A is the cross sectional area of water jet Some data required for calculation such as nozzle diameter d? , the vertical distance z between the end of the nozzle and the plate and the jockey weight were given as shown in table 1. There is a difference between the velocity at the plate u and the velocity at the nozzle un. The velocity at the plate u is somewhat smaller than the velocity at the nozzle-exit un due to the deceleration caused by gravity. To determine the velocity at the plate u the expression for vertical motion in a gravitational field were used: u? = ? – 2gz (equation 3)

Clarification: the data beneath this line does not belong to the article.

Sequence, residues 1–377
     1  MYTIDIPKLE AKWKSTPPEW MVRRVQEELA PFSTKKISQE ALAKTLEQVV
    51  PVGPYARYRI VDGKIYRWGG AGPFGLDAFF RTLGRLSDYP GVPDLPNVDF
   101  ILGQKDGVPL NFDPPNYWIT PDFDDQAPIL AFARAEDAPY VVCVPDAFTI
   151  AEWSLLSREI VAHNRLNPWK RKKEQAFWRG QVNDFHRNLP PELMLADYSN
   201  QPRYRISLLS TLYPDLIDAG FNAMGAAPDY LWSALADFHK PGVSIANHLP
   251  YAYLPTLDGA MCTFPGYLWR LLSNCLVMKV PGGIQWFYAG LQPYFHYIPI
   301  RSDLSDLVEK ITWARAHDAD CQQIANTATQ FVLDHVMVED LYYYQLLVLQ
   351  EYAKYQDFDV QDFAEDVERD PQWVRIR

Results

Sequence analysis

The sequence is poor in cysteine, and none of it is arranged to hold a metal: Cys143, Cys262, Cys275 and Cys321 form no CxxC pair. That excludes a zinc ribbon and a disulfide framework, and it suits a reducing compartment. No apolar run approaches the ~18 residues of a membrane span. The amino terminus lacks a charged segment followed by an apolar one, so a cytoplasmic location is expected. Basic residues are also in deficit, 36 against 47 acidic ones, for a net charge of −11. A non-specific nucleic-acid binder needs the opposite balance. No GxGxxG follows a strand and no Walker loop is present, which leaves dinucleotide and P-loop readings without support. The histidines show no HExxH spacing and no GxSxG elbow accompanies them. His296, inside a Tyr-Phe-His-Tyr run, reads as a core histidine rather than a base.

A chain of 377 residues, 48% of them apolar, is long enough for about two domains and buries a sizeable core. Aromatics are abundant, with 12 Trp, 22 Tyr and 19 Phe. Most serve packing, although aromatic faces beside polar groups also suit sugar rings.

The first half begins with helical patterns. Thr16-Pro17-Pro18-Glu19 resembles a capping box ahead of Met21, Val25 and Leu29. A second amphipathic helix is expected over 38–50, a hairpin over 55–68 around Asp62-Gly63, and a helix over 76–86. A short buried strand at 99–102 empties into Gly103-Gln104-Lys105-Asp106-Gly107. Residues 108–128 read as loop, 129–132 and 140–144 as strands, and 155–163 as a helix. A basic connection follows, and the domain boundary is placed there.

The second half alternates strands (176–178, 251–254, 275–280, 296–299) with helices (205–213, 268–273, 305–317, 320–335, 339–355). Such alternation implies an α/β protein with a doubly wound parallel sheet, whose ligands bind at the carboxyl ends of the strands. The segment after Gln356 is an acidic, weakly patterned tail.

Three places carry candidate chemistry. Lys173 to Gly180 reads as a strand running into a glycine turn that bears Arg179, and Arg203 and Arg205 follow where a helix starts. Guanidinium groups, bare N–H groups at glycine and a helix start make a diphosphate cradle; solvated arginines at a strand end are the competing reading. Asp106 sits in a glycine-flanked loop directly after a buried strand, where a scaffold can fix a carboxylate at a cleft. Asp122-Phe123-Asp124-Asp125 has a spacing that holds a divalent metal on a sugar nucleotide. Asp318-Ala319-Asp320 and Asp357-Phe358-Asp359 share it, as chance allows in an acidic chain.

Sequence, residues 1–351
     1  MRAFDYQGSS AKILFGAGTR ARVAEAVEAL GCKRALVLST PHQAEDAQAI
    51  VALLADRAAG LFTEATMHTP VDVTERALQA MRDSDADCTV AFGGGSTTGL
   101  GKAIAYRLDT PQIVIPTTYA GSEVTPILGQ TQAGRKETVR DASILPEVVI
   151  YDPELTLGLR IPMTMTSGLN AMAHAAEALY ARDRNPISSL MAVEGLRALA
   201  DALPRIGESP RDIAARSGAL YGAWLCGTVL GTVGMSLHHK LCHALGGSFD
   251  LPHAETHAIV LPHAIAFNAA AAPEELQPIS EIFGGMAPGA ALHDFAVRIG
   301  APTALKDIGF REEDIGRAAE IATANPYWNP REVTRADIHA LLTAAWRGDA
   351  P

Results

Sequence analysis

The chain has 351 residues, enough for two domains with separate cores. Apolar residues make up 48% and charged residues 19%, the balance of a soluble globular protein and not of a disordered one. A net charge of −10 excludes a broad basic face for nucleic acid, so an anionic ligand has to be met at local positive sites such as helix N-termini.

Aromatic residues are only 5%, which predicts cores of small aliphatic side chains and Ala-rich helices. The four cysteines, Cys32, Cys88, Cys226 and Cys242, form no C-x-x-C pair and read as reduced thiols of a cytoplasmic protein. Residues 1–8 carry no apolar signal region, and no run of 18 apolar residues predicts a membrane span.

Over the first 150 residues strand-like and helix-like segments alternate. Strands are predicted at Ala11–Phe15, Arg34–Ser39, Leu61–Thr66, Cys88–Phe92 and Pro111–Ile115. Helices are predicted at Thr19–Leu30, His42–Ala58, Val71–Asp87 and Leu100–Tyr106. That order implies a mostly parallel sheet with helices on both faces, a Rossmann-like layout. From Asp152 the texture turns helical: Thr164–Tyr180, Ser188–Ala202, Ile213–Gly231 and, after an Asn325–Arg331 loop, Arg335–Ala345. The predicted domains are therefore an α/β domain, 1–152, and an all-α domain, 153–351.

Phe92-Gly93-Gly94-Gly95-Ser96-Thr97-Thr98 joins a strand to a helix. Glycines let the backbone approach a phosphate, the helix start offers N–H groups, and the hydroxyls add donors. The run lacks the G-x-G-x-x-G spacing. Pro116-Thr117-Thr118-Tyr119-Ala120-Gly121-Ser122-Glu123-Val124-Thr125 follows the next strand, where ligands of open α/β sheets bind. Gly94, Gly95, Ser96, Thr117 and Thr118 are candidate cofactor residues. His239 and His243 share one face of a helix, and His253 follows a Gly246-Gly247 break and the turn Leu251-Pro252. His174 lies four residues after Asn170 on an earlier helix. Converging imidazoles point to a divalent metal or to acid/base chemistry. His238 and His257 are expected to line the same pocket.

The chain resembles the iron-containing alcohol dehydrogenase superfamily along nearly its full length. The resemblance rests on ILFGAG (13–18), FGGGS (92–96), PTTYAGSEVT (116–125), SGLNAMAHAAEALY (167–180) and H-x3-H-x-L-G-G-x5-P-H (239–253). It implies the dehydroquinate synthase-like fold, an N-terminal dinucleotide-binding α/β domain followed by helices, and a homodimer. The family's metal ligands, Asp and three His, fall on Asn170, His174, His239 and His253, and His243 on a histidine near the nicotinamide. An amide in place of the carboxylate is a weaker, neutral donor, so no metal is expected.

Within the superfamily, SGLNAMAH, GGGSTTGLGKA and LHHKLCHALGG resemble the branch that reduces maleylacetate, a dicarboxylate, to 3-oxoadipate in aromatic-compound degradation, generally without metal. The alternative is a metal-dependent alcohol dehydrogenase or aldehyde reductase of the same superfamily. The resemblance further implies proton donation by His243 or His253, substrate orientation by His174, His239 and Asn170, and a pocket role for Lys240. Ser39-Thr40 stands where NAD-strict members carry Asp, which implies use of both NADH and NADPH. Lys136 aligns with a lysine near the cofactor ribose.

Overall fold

Where un = Q/A (equation 4) The other thing that were considered was the force exerted on the plate can be determined from taking moments about the spring balance pivot which gives: 0. 15F = mgx (equation 5) Where, F is the force exerted on the plate m is the mass of the jockey weight g is the acceleration due to the gravity x is the position of the jockey weight The experiment consist of a nozzle from which a vertical jet of water impinges ,a set of impact surfaces (flat or curved) where the water jet impinges, an outlet at the base of the apparatus that directs the flow to a catch-tank for measuring the flow rate. A plate is attached to a lever arm which carries a jockey weight and is restrained by a spring scale. The lever arm is initially horizontal with the jockey weight at its zero position and the water jet turned off. The flat surface deflects the flow through 90 degrees and the curved surface through 180 degrees. Procedure A flat plate was installed on a lever arm connected to a spring scale. The spring scale was adjusted via the thumb screw until the lever arm become horizontal when the distance of the jockey weight on the lever arm is zero and the jet turned off.